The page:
WHAT’S THE POINT — “I love it when a plan comes together.” The famous line from John “Hannibal” Smith of the A-Team is one of those cultural gems that speaks so much more than its words. For anyone who has ever put on a large event, there comes a moment when that phrase slips from the lips and a deep sense of satisfaction spreads through you. I’ve done many events in my life and that is the moment that makes it all worthwhile for me.
I started Toastmasters a few years back and was with the Westside Toastmasters club to kick up my public speaking ability. After a year of participating I decided I wanted to start moving in the direction of paid speaking gigs that did not involve courtrooms. But paid speaking gigs are harder to come by at first than one would imagine. So like many a budding public speaker I started a speaking career with doing outreach to groups and being willing to share my knowledge at events for the city, and to various organizations throughout North America.
My latest speaking gig will be for a local event called WordcampLAX. It’s a conference of programmers, designers and writers who specialize in the WordPress open source software. It’s being held the weekend of Sept. 5-7 on the campus of Cal State University Los Angeles.
The event is part of a growing trend of social capitalism. There’s a trend in the tech sector, especially those areas that are more open source, to bring people together for the main purpose of expanding knowledge and usability. I saw this same thing last weekend when I was in Dallas at Podcast Movement – a conference for podcasters. There, people were coming together to learn how to start a podcast or improve the one they already had.
This coming Wordcamp is doing a similar thing but with blogging and websites. It’s for people who want to start a blog, and use the WordPress platform, or people like me, who use WordPress but know it can do so much more. Tools are only as good as the craftsman who uses them.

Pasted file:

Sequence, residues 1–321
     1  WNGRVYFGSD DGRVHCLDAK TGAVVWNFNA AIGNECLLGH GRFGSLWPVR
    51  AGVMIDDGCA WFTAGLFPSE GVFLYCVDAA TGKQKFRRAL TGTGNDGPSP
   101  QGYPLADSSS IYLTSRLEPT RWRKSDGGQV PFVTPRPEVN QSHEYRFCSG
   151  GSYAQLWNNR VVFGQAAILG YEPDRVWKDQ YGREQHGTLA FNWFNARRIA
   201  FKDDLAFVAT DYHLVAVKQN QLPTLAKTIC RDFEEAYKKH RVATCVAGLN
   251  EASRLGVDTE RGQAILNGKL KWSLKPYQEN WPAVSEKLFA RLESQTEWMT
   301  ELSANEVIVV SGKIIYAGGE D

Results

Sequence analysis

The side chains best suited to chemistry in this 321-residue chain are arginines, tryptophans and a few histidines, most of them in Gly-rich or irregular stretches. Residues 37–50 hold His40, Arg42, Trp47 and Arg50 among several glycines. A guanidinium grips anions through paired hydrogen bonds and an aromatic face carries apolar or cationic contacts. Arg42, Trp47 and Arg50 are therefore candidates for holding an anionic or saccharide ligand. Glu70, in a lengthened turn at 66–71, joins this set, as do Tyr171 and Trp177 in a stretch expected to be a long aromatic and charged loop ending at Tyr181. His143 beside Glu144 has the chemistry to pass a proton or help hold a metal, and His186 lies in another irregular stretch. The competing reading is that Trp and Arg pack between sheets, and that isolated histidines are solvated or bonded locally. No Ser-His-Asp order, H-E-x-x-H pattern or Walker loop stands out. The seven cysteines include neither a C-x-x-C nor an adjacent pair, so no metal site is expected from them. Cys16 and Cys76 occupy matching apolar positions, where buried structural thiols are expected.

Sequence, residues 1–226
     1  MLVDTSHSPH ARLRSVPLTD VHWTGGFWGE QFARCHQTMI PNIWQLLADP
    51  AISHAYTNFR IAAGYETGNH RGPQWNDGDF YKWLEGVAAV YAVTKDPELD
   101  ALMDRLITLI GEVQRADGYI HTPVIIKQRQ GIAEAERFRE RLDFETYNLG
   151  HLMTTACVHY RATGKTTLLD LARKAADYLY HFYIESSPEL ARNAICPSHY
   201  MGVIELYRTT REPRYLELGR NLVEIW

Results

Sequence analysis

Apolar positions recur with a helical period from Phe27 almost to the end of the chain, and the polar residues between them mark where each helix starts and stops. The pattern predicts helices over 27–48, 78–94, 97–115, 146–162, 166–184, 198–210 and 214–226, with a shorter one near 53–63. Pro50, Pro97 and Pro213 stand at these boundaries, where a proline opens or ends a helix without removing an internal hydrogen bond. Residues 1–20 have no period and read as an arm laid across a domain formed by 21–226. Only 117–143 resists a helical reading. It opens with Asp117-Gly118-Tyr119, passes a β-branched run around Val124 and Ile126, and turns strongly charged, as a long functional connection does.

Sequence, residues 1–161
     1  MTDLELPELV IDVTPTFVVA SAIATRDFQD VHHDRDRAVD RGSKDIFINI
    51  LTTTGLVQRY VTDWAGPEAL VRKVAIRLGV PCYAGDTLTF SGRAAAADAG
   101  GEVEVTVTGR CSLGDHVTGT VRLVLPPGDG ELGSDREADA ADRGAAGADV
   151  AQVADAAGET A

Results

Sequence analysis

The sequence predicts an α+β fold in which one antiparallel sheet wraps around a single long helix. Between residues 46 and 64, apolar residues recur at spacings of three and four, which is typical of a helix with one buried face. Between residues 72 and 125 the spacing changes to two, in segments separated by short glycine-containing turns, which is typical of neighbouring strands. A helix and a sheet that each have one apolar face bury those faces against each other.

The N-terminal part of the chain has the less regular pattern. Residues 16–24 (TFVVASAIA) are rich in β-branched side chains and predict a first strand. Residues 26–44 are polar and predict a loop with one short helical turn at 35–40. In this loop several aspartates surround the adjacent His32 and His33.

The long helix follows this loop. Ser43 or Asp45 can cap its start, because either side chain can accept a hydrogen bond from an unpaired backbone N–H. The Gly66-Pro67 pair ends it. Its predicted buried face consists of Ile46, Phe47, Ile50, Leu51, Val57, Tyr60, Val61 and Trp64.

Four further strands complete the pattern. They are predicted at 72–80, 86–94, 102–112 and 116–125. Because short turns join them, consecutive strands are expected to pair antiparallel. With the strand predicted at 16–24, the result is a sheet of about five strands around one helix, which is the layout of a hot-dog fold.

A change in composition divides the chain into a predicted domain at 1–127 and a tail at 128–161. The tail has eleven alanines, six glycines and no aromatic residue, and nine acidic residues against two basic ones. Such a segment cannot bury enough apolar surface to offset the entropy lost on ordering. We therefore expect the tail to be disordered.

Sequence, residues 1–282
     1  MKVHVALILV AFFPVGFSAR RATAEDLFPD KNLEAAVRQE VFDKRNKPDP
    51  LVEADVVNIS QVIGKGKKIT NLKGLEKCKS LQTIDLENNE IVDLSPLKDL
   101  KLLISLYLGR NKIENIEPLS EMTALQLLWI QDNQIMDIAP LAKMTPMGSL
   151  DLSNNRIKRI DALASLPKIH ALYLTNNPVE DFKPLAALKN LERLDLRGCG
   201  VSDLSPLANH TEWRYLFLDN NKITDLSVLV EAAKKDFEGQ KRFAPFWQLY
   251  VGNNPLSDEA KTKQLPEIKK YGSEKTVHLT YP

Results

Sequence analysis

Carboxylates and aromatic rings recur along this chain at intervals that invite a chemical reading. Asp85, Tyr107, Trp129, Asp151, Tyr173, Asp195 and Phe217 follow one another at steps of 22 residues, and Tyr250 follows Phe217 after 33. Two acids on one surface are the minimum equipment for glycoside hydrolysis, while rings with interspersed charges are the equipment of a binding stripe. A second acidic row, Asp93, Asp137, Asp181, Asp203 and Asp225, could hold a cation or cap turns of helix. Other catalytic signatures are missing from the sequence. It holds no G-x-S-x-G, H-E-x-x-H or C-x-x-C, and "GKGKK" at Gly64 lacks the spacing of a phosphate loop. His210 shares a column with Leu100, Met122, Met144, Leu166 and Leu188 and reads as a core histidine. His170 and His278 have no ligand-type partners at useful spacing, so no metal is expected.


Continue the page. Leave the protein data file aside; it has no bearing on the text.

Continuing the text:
Wordcamp LA has been organized by a group of volunteers, just like a TEDx event is done. This year’s organizer are a group of hardworking people who have come together for the purpose of making something of benefit to the community. I had the chance to speak with Natalie Maclees about her experiences in doing events like this. She has a close history to the city of Santa Monica having worked on three different KCRW campaigns with her Purple Pen Productions company. She’s worked on the capital campaign and the blogging efforts so she has an affinity for helping the public non-profits grow and sustain their missions.
That experience is what led her to being a WordCamp champion. It looked like there was going to be a leadership void this year, but she stepped up and gathered some troops to make an event happen. When you consider what’s involved, recruiting volunteers, organizing speakers, getting videos, developing a website, advertising and marketing, finding a location, it’s a heck of a lot of effort and the more people you having involved the more complex the role of leader becomes.
These local non-profit type events, WordCamp and TEDx’s are truly beneficial to the community at large and they provide a great opportunity for people to gain exposure for their individual talents, but also are great ways for individuals to expand their skill set. These are opportunities to learn how to create events, be an organizer, work with others. The role of volunteer at an event like this exposes people to new opportunities and individuals who can then become good connections in one’s chosen profession.
As I was chatting with Natalie, I thought it would be great if we could bring next year’s WordCamp to Santa Monica College. In a similar way, the TEDx community I hear is planning on bringing more events to the city which would be wonderful since we have so many great venues like Cross Campus, Co-Loft, SMC, the hotels and corporate event spaces. Having a vibrant volunteer community that we have in Santa Monica, we should have more events like WordCamp and TEDx to bring us together.